Life Lessons Learned from Old School Records

Pages from a photo book created for my mother-in-law, Arlene Boubek Biallas. Included in the book are photos, awards and report cards from Arlene’s high school days in Chicago in the early 1950s.

Recently I’ve been taking some online genealogy courses through the National Institute of Genealogical Studies (NIGS) to enhance my knowledge in certain areas of professional interest—methodology, immigration, copyright, probate and social history to name a few.

One course I recently completed was “Institutional Records” which covers—among other topics—how to locate, understand and use hospital, prison, school and other institutional records in genealogical research. Like most classes, whether in person or online, there’s plenty of reading, writing and research involved as well as assignments and exams.

This was the assignment related to researching old school records:

“Describe an experience you have had finding an educational record for an ancestor amongst family papers or elsewhere. What did you find? Where did you find it? How did it help you understand the person’s life better?”

Part of my response to that assignment included the following:

Several years ago for about 6 weeks, my elderly mother-in-law Arlene Boubek Biallas, met with me weekly to share details on her family of origin and her  years growing up in St. Louis and Chicago from the mid-1930s to the mid-1950s. We also sorted, purged and organized more than 75 years of her personal photos, documents, awards, and other mementos. My goal—unbeknownst to her—was to create a personalized photo book for her that would showcase her entire collection of memorabilia all in one place.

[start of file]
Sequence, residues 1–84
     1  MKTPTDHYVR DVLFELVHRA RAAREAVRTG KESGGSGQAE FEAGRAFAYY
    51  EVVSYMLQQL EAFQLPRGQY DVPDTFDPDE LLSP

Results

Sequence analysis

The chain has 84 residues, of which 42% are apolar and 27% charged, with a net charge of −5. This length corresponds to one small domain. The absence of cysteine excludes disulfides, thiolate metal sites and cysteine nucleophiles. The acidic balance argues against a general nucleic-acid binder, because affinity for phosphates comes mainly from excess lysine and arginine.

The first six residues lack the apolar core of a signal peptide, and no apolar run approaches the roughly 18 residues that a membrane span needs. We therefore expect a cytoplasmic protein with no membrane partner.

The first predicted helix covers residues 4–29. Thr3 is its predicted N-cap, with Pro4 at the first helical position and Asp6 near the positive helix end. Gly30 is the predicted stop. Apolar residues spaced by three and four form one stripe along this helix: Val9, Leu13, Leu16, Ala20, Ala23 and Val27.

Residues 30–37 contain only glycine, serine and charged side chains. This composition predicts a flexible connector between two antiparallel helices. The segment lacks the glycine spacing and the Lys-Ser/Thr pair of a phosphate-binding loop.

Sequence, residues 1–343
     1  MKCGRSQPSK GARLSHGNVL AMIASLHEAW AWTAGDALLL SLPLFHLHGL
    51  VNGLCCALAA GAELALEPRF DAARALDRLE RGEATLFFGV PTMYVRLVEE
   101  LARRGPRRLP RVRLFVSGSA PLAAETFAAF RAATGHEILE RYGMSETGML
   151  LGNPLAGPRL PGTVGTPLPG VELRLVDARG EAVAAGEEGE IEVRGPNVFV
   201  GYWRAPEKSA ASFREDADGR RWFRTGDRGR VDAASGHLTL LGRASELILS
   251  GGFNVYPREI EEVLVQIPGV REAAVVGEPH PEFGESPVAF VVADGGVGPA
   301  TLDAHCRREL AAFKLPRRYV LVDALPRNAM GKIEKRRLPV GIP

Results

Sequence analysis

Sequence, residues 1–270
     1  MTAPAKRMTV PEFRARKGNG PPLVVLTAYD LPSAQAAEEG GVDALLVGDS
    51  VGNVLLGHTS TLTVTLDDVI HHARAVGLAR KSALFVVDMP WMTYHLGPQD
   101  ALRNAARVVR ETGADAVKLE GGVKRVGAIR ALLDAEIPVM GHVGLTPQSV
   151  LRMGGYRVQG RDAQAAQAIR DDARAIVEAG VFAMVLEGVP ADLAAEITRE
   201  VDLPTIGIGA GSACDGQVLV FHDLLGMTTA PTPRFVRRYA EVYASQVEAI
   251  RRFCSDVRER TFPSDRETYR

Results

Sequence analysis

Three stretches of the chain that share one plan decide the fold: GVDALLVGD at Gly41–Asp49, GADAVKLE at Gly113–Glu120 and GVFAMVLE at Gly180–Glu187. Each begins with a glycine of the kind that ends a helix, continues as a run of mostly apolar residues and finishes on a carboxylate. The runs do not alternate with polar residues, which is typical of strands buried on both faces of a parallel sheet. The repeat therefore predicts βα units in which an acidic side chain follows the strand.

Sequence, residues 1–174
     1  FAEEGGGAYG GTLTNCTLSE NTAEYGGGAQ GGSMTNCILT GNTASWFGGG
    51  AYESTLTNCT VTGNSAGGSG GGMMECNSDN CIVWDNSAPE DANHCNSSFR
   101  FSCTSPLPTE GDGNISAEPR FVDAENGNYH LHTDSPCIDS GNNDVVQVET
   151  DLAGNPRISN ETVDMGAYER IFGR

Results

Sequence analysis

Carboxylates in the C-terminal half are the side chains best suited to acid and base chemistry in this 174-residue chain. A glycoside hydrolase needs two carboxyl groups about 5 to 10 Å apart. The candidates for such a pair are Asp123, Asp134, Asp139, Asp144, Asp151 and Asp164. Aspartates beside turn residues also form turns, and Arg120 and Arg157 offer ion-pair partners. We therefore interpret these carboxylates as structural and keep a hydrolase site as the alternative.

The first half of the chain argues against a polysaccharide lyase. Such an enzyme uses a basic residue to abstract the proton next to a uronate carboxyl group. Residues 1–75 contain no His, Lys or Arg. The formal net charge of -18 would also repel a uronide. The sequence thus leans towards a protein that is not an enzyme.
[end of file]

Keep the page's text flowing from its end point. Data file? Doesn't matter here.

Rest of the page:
All went well and I was very pleased to see that she loved the finished product—that is, until, wide-eyed—she stopped in her tracks on a page that showed a VERY large photo of her final high school report card from Oak Park River Forest High School from 1953.

Though it was laden with “A”s and “B”s in Public Speaking, Typing, Home Ec, and Phys Ed, Arlene was shocked and upset to see that she ALSO garnered a “D” that semester in American History.

She was mortified that the proof of her poor academic performance in that one subject was now permanently ensconced in a photo book for all time, for all of the world to see.